A ‘good escape’: campsites packed with Islanders in family bubbles

Greater Victoria residents in search of a bit of normalcy amid the pandemic filled Goldstream Provincial Park on Saturday.

“You can kind of forget about everything for a while,” said Stuart Petillion, who was camping in the park with his girlfriend and another couple.

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Petillion, from Langford, was one of many B.C. residents who logged onto the B.C. Parks website on May 25 as soon as the reservation system opened and spent several hours trying to make a booking while the overloaded site repeatedly crashed.

Petillion’s friend, Cade Wilcox, said he hadn’t been getting out much during the past few months and it felt great to get outside and away from computer screens.

A sign at the park’s entrance said the campground was full Saturday and B.C. Park’s online reservation system showed just a handful of midweek days available in July for Goldstream’s 152 reservable campsites.

Yulenda Evans booked a site in the park before the pandemic hit, to enjoy Canada Day and a long weekend with her family and another young family in her social bubble.

Evans said it was a good escape from the city, but there are some changes this summer that reflect a new reality with COVID-19, such as staff and some campers wearing masks.

Evans said parks staff have been sanitizing picnic tables and using a leaf blower to clean campsites in between groups.

B.C. parks have seen a steady rise in reservations and visitors, according to the Ministry of Environment.

The province has previously said campsites are only available to B.C. residents. In an email, the Ministry of Environment said B.C. residents have priority for campsites and it’s asking non-residents to cancel existing reservations for a full refund.

“The rules are clear. People are encouraged to stay local and recreate close to home,” the ministry said. “We are asking everyone to exercise good judgment when it comes to when and where they recreate in the outdoors.”

New signage in campgrounds reminds visitors of the need to practise physical-distancing.

Signs posted at some backcountry outhouses remind people to bring their hand-sanitizer and gloves, and signs posted at parking lots at Juan de Fuca trailheads ask visitors to stay in their car until they’re able to maintain two metres distance from others.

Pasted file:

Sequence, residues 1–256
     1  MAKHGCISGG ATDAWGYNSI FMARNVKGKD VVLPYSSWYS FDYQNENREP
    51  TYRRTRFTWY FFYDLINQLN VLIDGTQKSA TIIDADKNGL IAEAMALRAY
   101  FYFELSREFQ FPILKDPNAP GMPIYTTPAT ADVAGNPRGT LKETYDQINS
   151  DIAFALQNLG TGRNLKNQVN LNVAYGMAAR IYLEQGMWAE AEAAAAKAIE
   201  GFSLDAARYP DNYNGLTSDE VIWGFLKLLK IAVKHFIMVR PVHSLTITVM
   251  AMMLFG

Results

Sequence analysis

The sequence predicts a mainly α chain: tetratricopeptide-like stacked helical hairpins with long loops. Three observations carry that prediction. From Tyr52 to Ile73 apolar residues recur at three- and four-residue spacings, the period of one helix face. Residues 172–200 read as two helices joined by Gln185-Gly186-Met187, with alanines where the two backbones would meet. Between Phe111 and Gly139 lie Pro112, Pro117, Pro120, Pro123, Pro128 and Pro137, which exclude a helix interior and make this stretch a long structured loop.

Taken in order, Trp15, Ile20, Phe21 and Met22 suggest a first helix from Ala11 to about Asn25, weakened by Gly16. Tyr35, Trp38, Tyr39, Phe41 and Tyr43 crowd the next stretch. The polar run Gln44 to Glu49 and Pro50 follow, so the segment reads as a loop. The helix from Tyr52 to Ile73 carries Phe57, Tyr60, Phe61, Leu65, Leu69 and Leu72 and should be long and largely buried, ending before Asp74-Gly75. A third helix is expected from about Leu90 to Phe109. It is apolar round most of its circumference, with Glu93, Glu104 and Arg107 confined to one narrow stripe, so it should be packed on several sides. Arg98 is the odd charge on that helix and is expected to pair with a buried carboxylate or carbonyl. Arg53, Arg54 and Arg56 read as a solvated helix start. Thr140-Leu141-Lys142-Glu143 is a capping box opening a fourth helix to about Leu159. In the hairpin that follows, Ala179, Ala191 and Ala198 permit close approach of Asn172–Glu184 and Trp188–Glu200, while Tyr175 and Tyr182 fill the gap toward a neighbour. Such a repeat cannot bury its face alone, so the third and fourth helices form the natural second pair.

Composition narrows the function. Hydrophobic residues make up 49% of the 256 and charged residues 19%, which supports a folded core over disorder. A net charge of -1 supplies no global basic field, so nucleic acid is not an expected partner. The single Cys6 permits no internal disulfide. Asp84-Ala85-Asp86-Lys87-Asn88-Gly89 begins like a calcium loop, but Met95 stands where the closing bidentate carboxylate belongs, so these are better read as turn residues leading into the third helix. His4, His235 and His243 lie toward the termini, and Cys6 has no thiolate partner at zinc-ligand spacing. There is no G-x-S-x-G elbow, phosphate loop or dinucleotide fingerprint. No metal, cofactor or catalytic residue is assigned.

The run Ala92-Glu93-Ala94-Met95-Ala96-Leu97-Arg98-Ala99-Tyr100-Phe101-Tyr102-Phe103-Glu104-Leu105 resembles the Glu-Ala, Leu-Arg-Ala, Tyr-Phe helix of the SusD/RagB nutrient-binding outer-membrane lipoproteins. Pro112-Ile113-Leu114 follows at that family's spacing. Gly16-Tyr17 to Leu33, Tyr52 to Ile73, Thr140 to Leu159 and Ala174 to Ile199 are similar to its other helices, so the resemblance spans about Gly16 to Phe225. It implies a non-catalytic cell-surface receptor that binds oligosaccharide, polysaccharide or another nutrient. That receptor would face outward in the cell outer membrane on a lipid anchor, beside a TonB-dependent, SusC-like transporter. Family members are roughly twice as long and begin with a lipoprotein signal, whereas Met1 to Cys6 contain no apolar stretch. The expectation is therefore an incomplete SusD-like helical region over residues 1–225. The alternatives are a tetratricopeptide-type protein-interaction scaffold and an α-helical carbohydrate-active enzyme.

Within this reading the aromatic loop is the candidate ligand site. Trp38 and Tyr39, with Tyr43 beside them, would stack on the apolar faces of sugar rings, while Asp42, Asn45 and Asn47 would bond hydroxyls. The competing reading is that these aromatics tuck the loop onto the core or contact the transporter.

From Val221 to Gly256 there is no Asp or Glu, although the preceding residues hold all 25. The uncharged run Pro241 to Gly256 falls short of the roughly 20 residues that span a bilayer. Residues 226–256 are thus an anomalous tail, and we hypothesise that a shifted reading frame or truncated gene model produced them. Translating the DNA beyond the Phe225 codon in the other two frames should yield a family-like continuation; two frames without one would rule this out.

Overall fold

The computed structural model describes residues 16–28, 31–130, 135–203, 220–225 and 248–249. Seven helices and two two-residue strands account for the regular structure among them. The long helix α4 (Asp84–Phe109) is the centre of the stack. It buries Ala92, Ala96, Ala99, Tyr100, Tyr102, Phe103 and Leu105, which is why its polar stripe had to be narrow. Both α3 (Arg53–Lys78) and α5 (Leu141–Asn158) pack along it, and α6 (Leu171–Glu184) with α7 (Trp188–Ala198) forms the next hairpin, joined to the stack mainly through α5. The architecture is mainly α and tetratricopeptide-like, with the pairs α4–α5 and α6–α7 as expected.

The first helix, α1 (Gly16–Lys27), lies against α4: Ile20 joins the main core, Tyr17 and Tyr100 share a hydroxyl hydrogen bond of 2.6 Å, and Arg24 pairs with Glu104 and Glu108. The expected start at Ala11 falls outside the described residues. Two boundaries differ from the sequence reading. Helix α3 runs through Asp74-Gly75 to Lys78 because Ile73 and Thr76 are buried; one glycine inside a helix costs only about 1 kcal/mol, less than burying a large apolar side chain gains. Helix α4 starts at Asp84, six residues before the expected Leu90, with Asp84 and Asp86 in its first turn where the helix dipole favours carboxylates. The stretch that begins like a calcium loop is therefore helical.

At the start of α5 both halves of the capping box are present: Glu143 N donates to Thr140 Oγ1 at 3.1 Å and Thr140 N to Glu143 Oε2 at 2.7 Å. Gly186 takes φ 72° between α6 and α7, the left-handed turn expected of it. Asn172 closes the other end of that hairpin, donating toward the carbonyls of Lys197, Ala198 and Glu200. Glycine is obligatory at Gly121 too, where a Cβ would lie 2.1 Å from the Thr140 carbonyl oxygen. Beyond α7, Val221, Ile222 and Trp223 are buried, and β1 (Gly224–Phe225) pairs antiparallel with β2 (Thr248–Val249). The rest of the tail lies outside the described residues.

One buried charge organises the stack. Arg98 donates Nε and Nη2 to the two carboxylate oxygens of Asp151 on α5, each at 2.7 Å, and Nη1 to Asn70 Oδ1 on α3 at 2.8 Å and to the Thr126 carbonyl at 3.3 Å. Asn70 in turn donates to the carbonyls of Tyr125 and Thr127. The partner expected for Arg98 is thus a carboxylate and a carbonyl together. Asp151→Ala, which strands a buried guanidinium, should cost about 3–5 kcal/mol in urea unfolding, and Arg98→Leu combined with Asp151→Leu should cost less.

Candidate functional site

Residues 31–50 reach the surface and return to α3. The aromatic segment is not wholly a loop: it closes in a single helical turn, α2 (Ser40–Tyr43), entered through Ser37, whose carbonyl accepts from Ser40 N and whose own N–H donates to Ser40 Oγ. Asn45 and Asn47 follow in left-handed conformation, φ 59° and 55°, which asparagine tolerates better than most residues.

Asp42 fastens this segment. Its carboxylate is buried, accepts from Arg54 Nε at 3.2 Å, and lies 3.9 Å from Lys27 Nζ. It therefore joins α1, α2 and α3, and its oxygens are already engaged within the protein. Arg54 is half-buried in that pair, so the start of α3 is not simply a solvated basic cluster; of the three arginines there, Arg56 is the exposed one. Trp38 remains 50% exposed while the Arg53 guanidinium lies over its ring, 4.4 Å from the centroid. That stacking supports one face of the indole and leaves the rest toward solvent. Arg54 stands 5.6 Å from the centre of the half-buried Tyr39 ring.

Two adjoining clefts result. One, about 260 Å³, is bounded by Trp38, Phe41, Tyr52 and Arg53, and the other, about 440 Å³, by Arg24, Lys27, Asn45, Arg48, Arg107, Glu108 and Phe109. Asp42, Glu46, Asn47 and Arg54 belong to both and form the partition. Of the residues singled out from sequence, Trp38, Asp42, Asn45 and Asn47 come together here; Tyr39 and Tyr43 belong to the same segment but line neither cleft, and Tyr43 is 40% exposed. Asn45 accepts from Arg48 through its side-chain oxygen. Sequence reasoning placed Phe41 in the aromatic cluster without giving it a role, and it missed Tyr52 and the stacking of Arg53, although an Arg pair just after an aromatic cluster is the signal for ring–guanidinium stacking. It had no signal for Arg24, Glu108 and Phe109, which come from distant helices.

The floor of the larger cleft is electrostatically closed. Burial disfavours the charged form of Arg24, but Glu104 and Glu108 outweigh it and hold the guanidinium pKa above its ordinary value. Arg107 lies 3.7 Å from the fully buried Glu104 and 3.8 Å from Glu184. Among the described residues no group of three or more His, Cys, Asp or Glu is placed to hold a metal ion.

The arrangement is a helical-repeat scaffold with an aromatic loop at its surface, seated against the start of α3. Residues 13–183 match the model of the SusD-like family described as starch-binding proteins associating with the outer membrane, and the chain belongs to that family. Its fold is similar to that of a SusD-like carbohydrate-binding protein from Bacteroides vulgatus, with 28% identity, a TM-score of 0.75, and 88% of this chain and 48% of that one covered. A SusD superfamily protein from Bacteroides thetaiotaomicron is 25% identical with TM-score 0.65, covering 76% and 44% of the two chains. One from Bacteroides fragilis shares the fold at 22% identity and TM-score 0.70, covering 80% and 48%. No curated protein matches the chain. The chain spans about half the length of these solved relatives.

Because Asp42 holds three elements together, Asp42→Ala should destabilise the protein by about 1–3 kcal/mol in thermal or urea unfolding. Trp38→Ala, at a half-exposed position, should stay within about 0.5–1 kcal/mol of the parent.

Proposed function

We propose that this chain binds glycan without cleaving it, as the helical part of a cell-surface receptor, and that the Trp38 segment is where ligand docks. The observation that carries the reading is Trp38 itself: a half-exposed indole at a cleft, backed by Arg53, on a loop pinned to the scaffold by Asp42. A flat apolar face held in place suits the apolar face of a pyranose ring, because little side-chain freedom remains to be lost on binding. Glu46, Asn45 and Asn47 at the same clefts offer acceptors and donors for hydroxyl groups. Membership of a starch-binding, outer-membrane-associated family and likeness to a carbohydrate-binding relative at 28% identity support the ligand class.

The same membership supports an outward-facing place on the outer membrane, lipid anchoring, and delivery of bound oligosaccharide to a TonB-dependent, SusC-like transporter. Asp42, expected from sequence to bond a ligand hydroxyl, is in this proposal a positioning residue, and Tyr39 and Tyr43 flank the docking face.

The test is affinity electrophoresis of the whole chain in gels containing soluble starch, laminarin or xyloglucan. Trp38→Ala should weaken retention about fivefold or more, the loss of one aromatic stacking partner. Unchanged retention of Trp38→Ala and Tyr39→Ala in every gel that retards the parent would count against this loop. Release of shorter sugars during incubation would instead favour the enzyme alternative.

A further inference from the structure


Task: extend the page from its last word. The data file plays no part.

The surge in camping popularity during the pandemic is boosting sales for outdoor stores in Victoria.

Gayle Robinson, an owner of Robinson’s Outdoor Store downtown, said sales in June were off the charts despite COVID-19 restrictions limiting the number of people who can be in the store at any one time.

“Camping turns out to be the industry to be in right now,” she said.

Robinson said camping, hiking and fly-fishing gear has been flying off shelves.

“Backpacks, tents, sleeping bags, sleeping pads, footwear, all the camping stuff. We might sell 17 tents in a day,” she said.

Dehydrated meals designed for use on backpacking trips have been particularly popular, although some people are using them in unexpected ways.

“We had people going in for c-sections and the husbands were coming in for dried food because once they go into the hospital they can’t leave,” Robinson said.

Mountain Equipment Co-op has often had lineups to enter the store, sometimes wrapping around the building. The store has sold out of several camping-related items at various times in the weeks since it reopened, including fuel, first-aid kits and nearly all dehydrated meals.

regan-elliott@timescolonist.com

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